Learning the hard wayBMJ 2000; 321 doi: https://doi.org/10.1136/bmj.321.7254.185 (Published 15 July 2000) Cite this as: BMJ 2000;321:185
- Bruce Finlayson, consultant in accident and emergency medicine
I have been a keen motorcyclist for as long as I can remember. I passed my motorcycle test at the first attempt at the age of 17. I believe I am a very safe rider (don't we all?), and I ride defensively. Until this event I had never been in a situation that caused me alarm, nor had I been even close to an accident.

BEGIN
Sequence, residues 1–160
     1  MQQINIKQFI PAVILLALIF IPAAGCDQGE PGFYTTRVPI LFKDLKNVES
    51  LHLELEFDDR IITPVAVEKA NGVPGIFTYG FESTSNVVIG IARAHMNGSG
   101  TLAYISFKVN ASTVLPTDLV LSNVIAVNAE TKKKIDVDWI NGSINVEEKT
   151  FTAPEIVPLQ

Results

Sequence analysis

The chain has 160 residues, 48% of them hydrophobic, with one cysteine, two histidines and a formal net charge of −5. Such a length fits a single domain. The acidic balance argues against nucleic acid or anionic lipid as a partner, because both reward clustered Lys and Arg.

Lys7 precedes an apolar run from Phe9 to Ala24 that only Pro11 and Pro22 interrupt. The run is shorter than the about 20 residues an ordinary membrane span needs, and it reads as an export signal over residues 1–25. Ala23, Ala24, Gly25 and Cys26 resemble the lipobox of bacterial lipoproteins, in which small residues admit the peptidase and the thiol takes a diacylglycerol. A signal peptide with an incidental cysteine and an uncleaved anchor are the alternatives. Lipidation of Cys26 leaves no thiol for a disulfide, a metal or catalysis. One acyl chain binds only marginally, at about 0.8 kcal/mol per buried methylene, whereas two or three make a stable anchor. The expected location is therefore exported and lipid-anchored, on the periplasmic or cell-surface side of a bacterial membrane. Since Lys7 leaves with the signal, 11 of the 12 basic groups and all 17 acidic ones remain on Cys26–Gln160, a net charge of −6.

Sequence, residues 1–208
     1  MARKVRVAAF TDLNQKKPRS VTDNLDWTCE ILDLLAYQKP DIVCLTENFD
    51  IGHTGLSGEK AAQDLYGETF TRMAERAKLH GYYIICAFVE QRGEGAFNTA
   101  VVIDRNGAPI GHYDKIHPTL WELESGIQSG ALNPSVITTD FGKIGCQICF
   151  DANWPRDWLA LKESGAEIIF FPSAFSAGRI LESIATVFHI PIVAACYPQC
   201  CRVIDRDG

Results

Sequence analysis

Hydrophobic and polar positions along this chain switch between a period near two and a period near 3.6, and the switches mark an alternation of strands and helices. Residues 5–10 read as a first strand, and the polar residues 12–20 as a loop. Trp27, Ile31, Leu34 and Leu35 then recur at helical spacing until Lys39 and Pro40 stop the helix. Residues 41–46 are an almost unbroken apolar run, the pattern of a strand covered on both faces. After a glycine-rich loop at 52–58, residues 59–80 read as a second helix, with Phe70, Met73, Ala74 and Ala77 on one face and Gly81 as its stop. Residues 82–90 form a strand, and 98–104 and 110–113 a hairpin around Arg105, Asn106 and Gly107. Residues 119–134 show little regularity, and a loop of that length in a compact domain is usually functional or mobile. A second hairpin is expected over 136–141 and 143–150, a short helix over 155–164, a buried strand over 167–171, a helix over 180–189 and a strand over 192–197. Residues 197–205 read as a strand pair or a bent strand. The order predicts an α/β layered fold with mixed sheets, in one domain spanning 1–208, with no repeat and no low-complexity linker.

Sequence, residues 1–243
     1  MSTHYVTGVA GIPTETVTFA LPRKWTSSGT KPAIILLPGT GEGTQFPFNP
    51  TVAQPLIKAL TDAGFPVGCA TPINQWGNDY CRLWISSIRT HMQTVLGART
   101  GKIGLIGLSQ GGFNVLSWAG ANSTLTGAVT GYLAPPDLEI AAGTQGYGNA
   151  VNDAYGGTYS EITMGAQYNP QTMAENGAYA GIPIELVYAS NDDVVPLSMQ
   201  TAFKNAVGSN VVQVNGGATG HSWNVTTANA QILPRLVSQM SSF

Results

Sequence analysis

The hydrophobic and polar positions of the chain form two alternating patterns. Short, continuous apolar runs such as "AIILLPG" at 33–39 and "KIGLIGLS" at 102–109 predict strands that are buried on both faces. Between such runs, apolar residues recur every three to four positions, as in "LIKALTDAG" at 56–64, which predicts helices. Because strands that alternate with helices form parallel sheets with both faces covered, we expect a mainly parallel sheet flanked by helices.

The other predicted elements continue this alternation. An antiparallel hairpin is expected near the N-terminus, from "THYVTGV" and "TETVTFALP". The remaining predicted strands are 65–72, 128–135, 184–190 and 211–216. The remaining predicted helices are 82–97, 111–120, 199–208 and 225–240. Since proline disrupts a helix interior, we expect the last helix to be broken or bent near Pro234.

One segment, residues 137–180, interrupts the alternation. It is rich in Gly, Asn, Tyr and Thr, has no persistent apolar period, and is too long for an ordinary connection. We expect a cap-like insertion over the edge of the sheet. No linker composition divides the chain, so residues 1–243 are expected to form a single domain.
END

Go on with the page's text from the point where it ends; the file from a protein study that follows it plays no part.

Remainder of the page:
I was negotiating a roundabout close to a United States air base and saw a huge American left hand drive four wheel vehicle with Mafia-style tinted windows waiting to enter the traffic. I had almost made it to my exit, when the driver pulled out sharply. Everything went into slow motion as the inevitable collision occurred. I saw the kerb and the road coming to meet me, and struck my helmet as I landed. I felt the left side of my chest hit the road and the kerb as I slid along, still astride the machine. I felt so helpless, but can clearly remember thinking as I came to a halt that I could still …
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